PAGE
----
Review of “Topp Twins: Untouchable Girls”

Topp Twins: Untouchable Girls is an utterly charming documentary that takes a doting look at its subject matter: yodeling, country-singing comedy duo the Topp Twins. With fantastic production values and a smart, fun approach to covering the pair, it’s a tremendously entertaining movie with moments of real inspiration tucked into its 90-minute running time.

Jools and Lynda Topp are lesbian twins with one of the most enduring – and beloved — comedy acts in their native New Zealand. They sing, they tell jokes, and they have a hilarious set of “characters” that get trotted out for their various performances, all of which are connected by a sort of joyful anarchy. Politically active and exceptionally popular, the Topps have successfully bridged the massive culture gap between their left-wing activism (not to mention their sexuality) and middle-of-the-road, mainstream culture.

The film examines this success – with an intimate look at the twins themselves. It’s framed around one very special performance – a sort of retrospective concert where all of the twins’ family and friends have gathered. Jools and Lynda welcome the audience to their inner circle, and proceed to tell their story, through song and off-the-cuff anecdotes.

Built from this framework is a collection of interviews with the twins and archival footage highlighting past performances and appearances. Once in awhile, we’re even treated to on-camera “interviews” with the Twins’ various characters and personas (all favorites from their show).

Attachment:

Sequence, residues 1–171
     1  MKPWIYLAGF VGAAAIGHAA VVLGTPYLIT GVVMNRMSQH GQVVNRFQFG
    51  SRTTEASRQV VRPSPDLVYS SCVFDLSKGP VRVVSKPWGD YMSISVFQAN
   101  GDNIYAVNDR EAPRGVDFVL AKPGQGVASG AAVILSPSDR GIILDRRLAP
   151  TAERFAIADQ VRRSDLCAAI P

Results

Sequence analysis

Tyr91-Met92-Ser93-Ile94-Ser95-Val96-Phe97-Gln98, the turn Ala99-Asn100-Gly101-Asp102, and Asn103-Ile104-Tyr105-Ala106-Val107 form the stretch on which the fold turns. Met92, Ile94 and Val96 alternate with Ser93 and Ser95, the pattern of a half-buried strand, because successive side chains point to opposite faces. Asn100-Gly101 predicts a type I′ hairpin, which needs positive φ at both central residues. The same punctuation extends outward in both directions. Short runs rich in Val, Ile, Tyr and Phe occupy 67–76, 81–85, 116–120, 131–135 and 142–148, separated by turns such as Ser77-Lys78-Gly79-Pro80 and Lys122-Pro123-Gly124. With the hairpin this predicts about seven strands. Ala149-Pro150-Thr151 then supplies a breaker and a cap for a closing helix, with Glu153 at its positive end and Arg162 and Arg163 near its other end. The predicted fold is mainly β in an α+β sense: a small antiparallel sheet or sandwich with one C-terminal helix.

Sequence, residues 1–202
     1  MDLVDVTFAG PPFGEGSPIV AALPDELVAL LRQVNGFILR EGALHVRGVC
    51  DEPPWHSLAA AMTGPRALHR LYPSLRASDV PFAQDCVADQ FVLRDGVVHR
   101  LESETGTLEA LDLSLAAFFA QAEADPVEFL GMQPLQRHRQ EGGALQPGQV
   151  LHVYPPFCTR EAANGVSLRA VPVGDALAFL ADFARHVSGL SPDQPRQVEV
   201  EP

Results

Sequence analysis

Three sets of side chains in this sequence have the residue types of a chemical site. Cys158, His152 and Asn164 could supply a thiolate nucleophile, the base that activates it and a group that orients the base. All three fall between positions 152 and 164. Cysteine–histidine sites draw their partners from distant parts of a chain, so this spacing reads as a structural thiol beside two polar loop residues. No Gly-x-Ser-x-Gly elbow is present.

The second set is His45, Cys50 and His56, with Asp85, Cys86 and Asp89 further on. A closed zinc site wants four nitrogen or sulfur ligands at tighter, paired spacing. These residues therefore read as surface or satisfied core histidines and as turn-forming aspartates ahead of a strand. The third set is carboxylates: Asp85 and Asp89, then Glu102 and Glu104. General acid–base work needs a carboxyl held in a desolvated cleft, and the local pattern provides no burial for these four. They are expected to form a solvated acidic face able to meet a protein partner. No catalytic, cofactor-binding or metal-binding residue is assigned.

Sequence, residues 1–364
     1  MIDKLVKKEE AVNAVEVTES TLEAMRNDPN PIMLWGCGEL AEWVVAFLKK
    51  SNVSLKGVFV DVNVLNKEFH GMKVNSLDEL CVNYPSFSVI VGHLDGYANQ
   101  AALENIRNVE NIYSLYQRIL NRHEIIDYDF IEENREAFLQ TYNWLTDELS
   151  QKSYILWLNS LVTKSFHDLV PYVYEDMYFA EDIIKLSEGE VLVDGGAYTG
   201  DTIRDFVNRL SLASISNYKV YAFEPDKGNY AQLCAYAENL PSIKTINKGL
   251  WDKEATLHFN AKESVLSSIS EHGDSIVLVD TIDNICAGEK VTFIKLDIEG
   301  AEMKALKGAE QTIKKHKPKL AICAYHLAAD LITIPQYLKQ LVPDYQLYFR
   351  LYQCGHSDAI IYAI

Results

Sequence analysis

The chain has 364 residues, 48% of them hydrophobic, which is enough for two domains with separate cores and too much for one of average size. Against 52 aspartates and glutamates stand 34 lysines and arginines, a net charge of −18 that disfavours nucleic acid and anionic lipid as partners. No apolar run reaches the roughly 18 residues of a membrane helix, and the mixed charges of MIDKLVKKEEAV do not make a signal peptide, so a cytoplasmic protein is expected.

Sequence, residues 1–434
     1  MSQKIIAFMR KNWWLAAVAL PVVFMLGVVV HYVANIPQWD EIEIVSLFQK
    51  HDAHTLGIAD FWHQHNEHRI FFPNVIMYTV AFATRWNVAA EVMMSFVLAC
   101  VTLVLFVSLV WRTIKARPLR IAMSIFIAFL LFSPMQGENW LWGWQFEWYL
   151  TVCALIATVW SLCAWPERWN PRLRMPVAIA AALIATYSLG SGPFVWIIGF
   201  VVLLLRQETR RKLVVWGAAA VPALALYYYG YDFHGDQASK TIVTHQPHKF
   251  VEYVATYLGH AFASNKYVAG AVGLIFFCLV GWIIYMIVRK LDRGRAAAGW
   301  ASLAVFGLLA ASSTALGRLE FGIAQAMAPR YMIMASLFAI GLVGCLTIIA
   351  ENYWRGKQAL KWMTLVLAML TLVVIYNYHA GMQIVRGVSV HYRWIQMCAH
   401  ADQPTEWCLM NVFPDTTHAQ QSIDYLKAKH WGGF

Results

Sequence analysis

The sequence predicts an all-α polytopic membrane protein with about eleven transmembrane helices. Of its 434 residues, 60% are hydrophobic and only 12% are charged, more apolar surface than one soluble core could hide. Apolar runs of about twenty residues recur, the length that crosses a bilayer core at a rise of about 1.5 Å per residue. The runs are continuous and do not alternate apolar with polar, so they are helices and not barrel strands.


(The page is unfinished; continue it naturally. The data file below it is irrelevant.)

The film’s structure matches their act – a pleasant mish-mash of styles, all tied together with a genuine sense of fun. From the beginning, the twins talk about their early days, growing up on the farm and learning to play music. Shortly, the film whisks us away to early footage of the girls in their 20s, when their act started attracting real attention. Shots of the twins palling around on the farm and singing while sheep and dogs run around in the background go far in establishing their street (or should we say country?) cred – these are the down-home girls next door, make no mistake.

Thus begins the 30-or-so year journey that Untouchable Girls covers – from fun-loving girls with guitars to activists to variety show stars to cultural icons. After their humble beginnings, we see footage (amazing 1980s haircuts included) of the twin’s bringing their act to the street – literally – as they begin to support political causes like nuclear disarmament and, of course, gay rights.

The subject of sexuality comes up several times, in several contexts. The women talk about first coming out to their parents (who were, after all, conservative farmers), about their first girlfriends, and about their current partners. The elder Topps (Jools and Lynda’s Parents) are interviewed about their daughters’ sexuality, of which they’ve showed a slow but genuine acceptance. Both Jools and Lynda’s partners appear as well, recounting their own inductions into the Topp family.

Of course, most interesting are the interviews with the twins themselves. They seem put off by sexual politics and overly-PC assertions, preferring instead to say “it’s just about love.”

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